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This week I’m focussing on sewing the outer embellished layer of my Dress with Sheer Overlay. I learned very quickly I had to sew very slowly over the beaded parts, but I love how it is all coming together and I can’t wait to wear it on NYE.

Last week I started sewing my dress using our Dress with Sheer Overlay and finished up with completing the under bodice with straps. This pattern is great so far, and I love the illusion neckline. I cut my usual size 38!


Step 1


Now that my under bodice was pretty much sewed, I needed to start on my overlay. For first I pinned the shoulder seams, right sides together.

Step 2


For these seams I really took my time and sewed slowly over the beaded parts. But overall it stitched just fine!

Step 3


I didn’t want to use an iron on this fabric so I just finger pressed my seam allowances open.

Step 4


Next I pressed my neck bias strip in half with the WRONG sides together widthwise.

Step 5


Starting at the back and with some overhang, I pinned my neck bias strip with the edge aligning with my neckline edge.

Step 6


I pinned all the way around and sewed together at a 3/8" seam allowance. Then I flipped the bias strip upwards to create almost a little neck band finish.

Step 7


To keep the neck band from flipping down, I actually topstitched my allowance in place.

Step 8


Next was to stitch the side seams, so I pinned my bodices right sides together along the side seams and stitched along my seamline.

Step 9


Then I finger pressed both of my side seam allowances open.

Step 10


Now it was sleeve time! I first pinned my sleeve seams right sides together.

Step 11


I started stitching exactly at the sleeve hem since I’m leaving this edge raw.

Step 12


Then I finger pressed my seam allowances open.

Step 13


Before I set my sleeve in I had to stitch in some basting stitched around the crown. On the pattern there are some ease notches to follow.

Step 14


This is how I always pin my set in sleeve in: First I lay the garment right side up with the side seam facing me. I also make sure my sleeves are flipped right side out.

Step 15


Then I pin my corresponding sleeve right sides together with my armhole with my first pin matching up my underarm points.

Step 16


I then take my shoulder seam and flip it up to match the top notch in my sleeve – this is my second pin.

Step 17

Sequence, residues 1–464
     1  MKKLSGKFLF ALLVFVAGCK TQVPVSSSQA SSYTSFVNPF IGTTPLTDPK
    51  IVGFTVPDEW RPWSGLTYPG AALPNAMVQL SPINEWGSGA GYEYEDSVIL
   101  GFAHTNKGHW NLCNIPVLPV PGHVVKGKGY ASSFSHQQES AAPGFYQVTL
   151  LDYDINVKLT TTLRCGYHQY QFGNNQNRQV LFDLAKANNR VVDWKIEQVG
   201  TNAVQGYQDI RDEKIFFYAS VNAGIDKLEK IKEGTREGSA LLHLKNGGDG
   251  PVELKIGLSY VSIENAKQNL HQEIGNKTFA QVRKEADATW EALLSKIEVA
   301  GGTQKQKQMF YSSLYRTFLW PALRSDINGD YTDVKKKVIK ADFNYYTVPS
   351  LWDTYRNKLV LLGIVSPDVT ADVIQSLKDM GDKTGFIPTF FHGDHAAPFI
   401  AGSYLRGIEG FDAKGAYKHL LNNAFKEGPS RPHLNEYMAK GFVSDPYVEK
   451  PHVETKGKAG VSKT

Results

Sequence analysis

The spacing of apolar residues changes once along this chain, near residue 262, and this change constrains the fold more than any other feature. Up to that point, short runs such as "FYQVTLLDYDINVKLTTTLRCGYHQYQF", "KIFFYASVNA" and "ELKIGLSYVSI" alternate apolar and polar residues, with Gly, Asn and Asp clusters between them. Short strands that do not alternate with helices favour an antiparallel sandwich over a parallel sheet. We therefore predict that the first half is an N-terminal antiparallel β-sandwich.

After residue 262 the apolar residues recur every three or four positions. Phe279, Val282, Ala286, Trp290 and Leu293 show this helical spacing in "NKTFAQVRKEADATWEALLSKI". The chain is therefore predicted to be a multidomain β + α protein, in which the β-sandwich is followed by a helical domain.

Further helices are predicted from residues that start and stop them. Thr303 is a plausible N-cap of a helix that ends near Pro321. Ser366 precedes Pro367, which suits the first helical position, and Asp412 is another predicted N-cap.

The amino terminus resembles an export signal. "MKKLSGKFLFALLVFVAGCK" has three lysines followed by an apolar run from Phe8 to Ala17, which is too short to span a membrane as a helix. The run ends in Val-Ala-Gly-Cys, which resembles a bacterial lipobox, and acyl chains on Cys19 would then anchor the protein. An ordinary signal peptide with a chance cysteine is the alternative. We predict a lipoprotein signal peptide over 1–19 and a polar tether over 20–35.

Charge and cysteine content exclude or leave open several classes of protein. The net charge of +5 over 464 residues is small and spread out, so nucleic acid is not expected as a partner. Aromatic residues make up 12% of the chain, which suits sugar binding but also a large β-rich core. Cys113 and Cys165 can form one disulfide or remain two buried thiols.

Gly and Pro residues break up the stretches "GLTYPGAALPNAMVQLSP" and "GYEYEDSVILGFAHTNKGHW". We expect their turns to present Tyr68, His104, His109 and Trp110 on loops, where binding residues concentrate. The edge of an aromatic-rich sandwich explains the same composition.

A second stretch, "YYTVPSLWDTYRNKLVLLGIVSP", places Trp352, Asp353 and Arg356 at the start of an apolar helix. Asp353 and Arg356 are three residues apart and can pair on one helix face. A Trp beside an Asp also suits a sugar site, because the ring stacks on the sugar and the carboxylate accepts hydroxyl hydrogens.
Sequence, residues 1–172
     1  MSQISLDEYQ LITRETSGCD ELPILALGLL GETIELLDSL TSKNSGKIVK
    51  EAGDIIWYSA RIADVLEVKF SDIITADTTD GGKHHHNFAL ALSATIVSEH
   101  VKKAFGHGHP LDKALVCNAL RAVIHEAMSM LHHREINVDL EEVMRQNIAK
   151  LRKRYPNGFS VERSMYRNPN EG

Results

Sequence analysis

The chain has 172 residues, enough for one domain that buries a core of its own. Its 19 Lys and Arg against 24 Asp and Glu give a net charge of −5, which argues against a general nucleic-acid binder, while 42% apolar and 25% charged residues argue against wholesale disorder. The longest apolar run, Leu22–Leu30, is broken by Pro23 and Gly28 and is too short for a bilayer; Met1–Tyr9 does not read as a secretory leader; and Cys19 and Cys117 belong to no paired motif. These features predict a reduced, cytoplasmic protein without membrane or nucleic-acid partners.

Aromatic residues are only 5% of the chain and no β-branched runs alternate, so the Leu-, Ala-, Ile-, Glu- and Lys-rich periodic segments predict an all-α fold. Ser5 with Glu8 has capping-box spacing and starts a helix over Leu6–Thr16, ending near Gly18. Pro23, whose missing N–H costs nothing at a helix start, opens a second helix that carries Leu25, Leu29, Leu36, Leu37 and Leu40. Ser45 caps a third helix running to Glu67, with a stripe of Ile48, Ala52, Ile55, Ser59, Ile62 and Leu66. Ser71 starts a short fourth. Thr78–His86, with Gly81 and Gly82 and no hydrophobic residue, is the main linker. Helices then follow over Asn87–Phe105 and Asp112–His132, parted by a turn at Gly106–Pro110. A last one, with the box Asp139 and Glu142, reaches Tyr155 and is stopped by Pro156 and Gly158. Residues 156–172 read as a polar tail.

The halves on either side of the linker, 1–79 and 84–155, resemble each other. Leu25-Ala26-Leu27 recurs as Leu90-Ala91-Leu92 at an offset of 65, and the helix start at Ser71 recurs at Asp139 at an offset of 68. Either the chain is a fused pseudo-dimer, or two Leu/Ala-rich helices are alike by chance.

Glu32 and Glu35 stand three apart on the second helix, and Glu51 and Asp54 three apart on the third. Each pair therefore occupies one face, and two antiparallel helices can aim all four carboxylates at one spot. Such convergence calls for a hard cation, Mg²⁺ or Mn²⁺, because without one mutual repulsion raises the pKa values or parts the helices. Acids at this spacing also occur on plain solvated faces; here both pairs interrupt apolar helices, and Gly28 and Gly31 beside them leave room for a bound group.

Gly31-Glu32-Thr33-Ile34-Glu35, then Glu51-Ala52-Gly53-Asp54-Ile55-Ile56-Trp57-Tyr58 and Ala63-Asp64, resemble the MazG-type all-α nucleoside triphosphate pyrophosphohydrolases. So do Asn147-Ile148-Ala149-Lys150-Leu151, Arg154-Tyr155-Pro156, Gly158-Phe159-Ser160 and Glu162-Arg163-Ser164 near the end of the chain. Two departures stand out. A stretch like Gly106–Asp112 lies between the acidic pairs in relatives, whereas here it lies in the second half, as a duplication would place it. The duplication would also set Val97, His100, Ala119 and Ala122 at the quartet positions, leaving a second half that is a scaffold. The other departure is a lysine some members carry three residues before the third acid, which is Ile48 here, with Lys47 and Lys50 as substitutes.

Then I work in and pull my basting bobbin threads to match the armhole and pin every inch or so.

Step 18


Lastly I stitch around my armhole leaving the pins in and starting and ending at underarm point – voila, a set in sleeve!

Step 19


For this style I pushed my armhole seam allowances towards my sleeve.

Step 20


And again left my sleeve hems raw.

Step 21


Now it was time to sew in my basting stitches to the waistline of my bodice overlay. Note: There are specific notches to gather in-between indicated on the pattern. I first marked these all with pins.

Step 22


I basted in-between all notches making sure to leave long bobbin thread tails.

Step 24


And also left my pin in to mark my center front.

Step 25


There were also gathers to be stitched in the back!

Step 26


I grabbed my under bodice and laid it right side up on my table. I then placed my overlay, also right side up and first pin matching my “landmarks”. Like the side seams, center front, and center backs.

Step 27


Then I pulled my bobbin threads until my overlay matched my underlay waistline length. I dispersed the gathers evenly and put a lot more pins in.

Step 28


And lastly before I worked on and attached my skirt, I secured my gathers with a holding stitch inside my seam allowance width. For this stitch I went back to my regular stitch length.

Then that completes part 2 of my December Mash Up! I’m really enjoying making this dress, and if you want to follow and sew along make sure to download the pattern here and also check out part 1.

Happy Sewing!

Meg Healy Blog Signature

2 Comments

  • Missing

    Dec 27, 2018, 01.23 AMby maryanndoherty

    I agree with Jecouds. French seams would have given this a very clean and professional look versus something that was whipped up in home ec. class.

  • Missing

    Dec 19, 2018, 10.30 PMby jecouds

    French seams are usually used on sheers. The beading is removed from the seam allowances.

    • This is a question
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